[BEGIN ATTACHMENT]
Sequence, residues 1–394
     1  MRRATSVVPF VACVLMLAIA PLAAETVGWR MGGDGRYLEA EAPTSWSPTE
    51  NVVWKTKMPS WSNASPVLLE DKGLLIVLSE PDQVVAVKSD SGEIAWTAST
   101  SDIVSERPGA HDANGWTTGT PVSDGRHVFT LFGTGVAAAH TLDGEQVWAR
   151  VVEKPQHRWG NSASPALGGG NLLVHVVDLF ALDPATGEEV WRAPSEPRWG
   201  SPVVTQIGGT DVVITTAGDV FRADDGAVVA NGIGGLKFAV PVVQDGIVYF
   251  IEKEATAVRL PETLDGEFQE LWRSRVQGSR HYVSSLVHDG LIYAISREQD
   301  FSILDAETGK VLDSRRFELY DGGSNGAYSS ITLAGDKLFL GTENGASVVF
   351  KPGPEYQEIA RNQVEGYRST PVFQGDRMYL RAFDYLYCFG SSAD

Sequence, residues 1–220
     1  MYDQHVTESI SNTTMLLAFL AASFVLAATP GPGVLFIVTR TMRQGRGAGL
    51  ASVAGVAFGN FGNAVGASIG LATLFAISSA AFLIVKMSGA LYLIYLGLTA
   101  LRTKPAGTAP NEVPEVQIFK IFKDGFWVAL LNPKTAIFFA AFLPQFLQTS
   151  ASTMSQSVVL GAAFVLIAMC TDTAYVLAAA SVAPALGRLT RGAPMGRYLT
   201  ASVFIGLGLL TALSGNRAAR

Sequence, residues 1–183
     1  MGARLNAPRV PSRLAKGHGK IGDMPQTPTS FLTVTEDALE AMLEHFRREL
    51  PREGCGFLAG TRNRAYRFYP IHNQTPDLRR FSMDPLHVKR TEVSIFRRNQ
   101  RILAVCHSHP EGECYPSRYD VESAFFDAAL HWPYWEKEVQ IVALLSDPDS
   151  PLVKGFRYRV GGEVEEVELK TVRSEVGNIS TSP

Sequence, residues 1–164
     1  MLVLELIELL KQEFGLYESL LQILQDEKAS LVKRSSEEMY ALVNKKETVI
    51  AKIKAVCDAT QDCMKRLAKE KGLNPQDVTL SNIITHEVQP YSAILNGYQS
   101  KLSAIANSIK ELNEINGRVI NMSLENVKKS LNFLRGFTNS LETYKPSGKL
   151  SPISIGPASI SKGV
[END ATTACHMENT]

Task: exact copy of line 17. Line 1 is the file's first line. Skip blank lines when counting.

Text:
     1  MGARLNAPRV PSRLAKGHGK IGDMPQTPTS FLTVTEDALE AMLEHFRREL